To determine whether the study population in CO40151 was representative of a typical trial population of patients with TNBC, we explored the prevalence of genetic alterations (Fig. 1A). The most frequent alterations were in TP53 (86%; predominantly short variations), PTEN (32%; predominantly deletions), RAD21 (32%; exclusively amplifications), and MYC (29%; exclusively amplifications). BRCA1 mutations were observed in 13% of samples (short variations or deletions). Overall, the distribution and prevalence were similar to observations in the randomized phase III IMpassion130 trial (29), in which the most common alterations were in TP53 (85%), MYC (22%), PIK3CA (21%), and PTEN (19%). However, PIK3CA mutations were less common in CO40151 (12% vs. 21% in IMpassion130), as were RB1 mutations (7% vs. 14%, respectively), whereas PTEN alterations were more common in CO40151 (32% vs. 19% in IMpassion130).

Figure 1.

Biomarker characterization. A, Genomic landscape. B, Stromal TILs and CD8 T cells according to PFS. The lower and upper bounds of the rectangles represent the first and third quartiles, the horizontal line represents the median, the whiskers extend to the highest and lowest values within 1.5× the interquartile range, and data beyond the end of the whiskers are outliers and are plotted as points. C, Baseline RNA-sequencing profile. Atezolizumab plus paclitaxel response represents a gene signature based on CD8-CXCL13 T cells that has previously been shown to predict better response to atezolizumab plus paclitaxel in TNBC (20). Similarly, the B-cell gene signature comprising CD19 and CXCR5 is predictive of better response to atezolizumab plus paclitaxel in TNBC. D, GSEA analysis on hallmark gene sets according to PFS. The scoring is averaged Z score of individual samples from gene set variation analysis in the subgroups with PFS <5 months and >10 months. AMP, amplification; atezo, atezolizumab; CAF, cancer-associated fibroblasts; CPS, combined positive score; DEL, deletion; EMT, epithelial–mesenchymal transition; FA BIO, fatty acid biosynthesis; IC, immune cell; ipat, ipatasertib; JAK, Janus kinase; LAR, luminal androgen receptor; MPAS, MAPK pathway activity score (30); MHC-I, major histocompatibility complex-I; Mut/Mb, mutations/megabase; NF-κB, nuclear factor kappa-B; pac, paclitaxel; RA, rearrangement; SNV, single-nucleotide variation; TEM, T effector memory.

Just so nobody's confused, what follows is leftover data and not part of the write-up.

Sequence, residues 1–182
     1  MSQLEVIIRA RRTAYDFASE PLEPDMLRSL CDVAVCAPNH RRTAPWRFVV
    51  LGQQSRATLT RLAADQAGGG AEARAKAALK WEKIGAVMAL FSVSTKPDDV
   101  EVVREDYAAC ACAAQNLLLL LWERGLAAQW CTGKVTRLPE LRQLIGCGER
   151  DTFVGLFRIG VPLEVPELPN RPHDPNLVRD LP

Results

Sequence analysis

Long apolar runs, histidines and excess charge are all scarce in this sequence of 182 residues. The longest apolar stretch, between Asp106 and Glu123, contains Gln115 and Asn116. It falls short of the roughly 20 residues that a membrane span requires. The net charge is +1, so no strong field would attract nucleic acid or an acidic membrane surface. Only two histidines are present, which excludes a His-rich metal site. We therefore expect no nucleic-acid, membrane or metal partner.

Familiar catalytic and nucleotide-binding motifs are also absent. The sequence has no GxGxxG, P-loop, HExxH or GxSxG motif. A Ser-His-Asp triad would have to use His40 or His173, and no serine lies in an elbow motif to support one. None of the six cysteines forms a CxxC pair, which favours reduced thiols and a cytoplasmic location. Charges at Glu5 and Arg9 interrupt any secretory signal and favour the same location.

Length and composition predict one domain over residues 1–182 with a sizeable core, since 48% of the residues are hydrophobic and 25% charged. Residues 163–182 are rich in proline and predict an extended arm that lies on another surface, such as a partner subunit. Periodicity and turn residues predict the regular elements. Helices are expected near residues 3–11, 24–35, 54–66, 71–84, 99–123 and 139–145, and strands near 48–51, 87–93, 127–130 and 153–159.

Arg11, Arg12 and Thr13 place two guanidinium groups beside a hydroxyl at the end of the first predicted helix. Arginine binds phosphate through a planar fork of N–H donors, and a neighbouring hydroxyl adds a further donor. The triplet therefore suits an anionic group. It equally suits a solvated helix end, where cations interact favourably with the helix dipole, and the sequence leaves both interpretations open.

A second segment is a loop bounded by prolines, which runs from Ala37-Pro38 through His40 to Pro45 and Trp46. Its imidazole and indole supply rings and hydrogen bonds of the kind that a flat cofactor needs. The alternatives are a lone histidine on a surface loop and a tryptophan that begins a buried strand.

Figure 1.

Biomarker characterization. A, Genomic landscape. B, Stromal TILs and CD8 T cells according to PFS. The lower and upper bounds of the rectangles represent the first and third quartiles, the horizontal line represents the median, the whiskers extend to the highest and lowest values within 1.5× the interquartile range, and data beyond the end of the whiskers are outliers and are plotted as points. C, Baseline RNA-sequencing profile. Atezolizumab plus paclitaxel response represents a gene signature based on CD8-CXCL13 T cells that has previously been shown to predict better response to atezolizumab plus paclitaxel in TNBC (20). Similarly, the B-cell gene signature comprising CD19 and CXCR5 is predictive of better response to atezolizumab plus paclitaxel in TNBC. D, GSEA analysis on hallmark gene sets according to PFS. The scoring is averaged Z score of individual samples from gene set variation analysis in the subgroups with PFS <5 months and >10 months. AMP, amplification; atezo, atezolizumab; CAF, cancer-associated fibroblasts; CPS, combined positive score; DEL, deletion; EMT, epithelial–mesenchymal transition; FA BIO, fatty acid biosynthesis; IC, immune cell; ipat, ipatasertib; JAK, Janus kinase; LAR, luminal androgen receptor; MPAS, MAPK pathway activity score (30); MHC-I, major histocompatibility complex-I; Mut/Mb, mutations/megabase; NF-κB, nuclear factor kappa-B; pac, paclitaxel; RA, rearrangement; SNV, single-nucleotide variation; TEM, T effector memory.